more bandwidth, significantly more safety and significantly more reliability (2.5 times).

Today, with the significantly production and deployment of single mode fiber versus multimode fiber, it
makes little economic sense to deploy multimode fiber. The cost differential in single mode fiber
modems versus multimode fiber modems is about $400 per unit. With two optical modems required to
communicate, an $800 cost differential exists between multimode and single mode optical modems.

The break even distance for a 12 fiber cable is 769. feet ($.65/ft versus $1.69/R = $l.04/ft.; $800 /
$1.04/ft. = 769 feet). The break even distance for a 29 fiber cable is 398 feet ($800 / $2.0 l/ft. = 398
feet). Thus only within a building structure or on a small campus is multimode fiber justified.

Air is the last medium. Radio frequency, infrared or laser (light wave) communications is necessary. In
general, the higher the frequency the greater the attenuation of the signal. For RF signals the attenuation
loss can be approximated by:

        Loss (dB)          =    36.6+20logf+20logd

        where:        f    =   Frequency in MHz
                      d    =   Distance in miles between transmitter and receiver

Attenuation loss essentially increases by 6 dB with the doubling of distance. For example, RF path loss
for a 100 MHz signal at 20 miles is 102.6 dB, at 1 GHz is 122.6 dB and at 10 GHz is 142.6 dB. A 1 watt
transmitter produces 30 dBm (disregarding antenna coupling loss and antenna gauge). A 10 watt
transmitter produces 40 dBm and a 20 watt transmitter produces 43 dBm of signal output. Typical
antenna gains are 5 dB to 30 dB depending on design. Directional antennas are typically higher gain
than Omni antennas. Considering an RF link with a 20 dB antenna, a 10 watt transmitter would have an
effective radiated power of 60 dBm and at 20 miles the signal to the receiver would be -22.6 dBm for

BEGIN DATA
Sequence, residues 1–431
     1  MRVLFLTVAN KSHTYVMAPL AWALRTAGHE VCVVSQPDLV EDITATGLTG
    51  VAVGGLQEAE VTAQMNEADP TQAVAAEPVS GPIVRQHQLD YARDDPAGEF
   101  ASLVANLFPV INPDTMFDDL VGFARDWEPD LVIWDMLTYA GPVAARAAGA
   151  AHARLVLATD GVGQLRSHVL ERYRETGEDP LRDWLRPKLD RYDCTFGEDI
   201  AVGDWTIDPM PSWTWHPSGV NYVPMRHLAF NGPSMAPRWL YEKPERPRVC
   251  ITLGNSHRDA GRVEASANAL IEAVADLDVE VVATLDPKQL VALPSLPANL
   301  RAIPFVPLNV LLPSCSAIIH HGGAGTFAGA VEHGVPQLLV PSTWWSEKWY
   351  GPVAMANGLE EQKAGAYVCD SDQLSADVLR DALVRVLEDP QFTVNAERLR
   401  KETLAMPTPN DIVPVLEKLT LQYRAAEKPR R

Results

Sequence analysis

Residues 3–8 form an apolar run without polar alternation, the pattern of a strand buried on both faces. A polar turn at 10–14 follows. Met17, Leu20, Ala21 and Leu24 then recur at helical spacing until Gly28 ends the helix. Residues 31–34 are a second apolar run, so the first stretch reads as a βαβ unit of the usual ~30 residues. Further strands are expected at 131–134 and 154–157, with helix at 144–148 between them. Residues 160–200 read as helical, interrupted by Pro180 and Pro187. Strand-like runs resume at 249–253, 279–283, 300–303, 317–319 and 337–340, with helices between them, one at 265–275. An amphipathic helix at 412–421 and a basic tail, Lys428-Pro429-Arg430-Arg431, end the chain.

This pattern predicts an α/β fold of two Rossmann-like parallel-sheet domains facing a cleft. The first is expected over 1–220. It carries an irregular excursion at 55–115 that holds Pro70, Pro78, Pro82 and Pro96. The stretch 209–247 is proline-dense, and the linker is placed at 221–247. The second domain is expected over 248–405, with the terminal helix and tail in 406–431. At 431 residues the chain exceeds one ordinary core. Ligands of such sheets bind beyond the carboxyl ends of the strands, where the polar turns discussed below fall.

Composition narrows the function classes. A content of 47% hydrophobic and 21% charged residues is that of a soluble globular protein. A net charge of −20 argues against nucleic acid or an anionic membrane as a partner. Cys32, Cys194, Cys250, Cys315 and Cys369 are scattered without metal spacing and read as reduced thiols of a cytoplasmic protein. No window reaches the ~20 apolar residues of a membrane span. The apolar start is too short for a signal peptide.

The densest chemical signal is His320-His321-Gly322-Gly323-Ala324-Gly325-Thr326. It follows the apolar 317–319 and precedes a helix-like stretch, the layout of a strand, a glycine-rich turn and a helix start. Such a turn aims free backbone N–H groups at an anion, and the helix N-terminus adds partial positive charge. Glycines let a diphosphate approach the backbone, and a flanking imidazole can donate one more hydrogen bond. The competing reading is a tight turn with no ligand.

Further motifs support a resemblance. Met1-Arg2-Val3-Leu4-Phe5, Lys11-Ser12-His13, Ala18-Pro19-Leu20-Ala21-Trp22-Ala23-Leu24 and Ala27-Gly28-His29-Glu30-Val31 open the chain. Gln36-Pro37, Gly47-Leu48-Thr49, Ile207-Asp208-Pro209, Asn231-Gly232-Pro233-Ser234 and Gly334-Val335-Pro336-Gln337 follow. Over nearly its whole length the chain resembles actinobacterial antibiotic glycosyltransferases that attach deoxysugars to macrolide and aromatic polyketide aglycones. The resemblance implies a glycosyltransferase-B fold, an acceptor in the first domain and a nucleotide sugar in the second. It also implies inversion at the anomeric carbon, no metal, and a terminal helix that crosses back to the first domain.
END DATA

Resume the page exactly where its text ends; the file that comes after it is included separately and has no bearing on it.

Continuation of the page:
100 Mhz, -42.6 dBm for 1 GHz and -62.6 dBm for the 10 GHz signal. With typical receivers having
minimum detectable signals (considering receiver noise figure) of -90 dBm and a fade margin of 25 dB-
30 dB desired to maintain a reliable link, all links would be adequately supported with a 10 watt
transmitter. However, a 1 watt transmitter becomes marginal at 10 GHz frequency, except for short
distance communications.

The above example assumes no loss from foliage. Typically all frequencies above 30 Mhz require line-
of-sight communications, with the exception that a small ground wave exists up to 50 Mhz as previously
mentioned.

For comparison, single mode cable would have a signal loss of 11.26 dB at 1300 nm. A twisted pair
cable would have an equivalent signal attenuation of 64.4 dB. It can readily be seen that less signal
power is required to communicate over single mode fiber than any medium.

Table 4.1.3.4.6-5 compares some communications mediums (Ref. IEEE Spectrum 6-94). Table
4.1.3.4.6-6 provides a comparative ranking of mediums. Clearly, single mode fiber is the best medium
available followed by air (RF or light communications). Clearly water is the least desirable medium

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followed by coax. This is not to say that specific factors such as budget, zoning regulations, disruption
of commercial service or other factors do not preempt the factors utilized in the comparative tradeoff of
mediums. Single mode fiber is the best overall medium. Cost of multimode fiber and bandwidth
limitations make it a lower choice than compared with microwave for rural ITS applications.


4.2 Leased Service Overview
4.2.1 Frame Relay

Frame relay is a technology emerging from the older X.25 packet network services offered by telephone
companies. It emerged with Integrated Services Digital Network (ISDN) standards. Frame relay is
designed and optimized for data networking, especially through the public telephone networks ISDN
infrastructure. It uses variable length frames instead of fixed length cells (as are utilized by ATM). Thus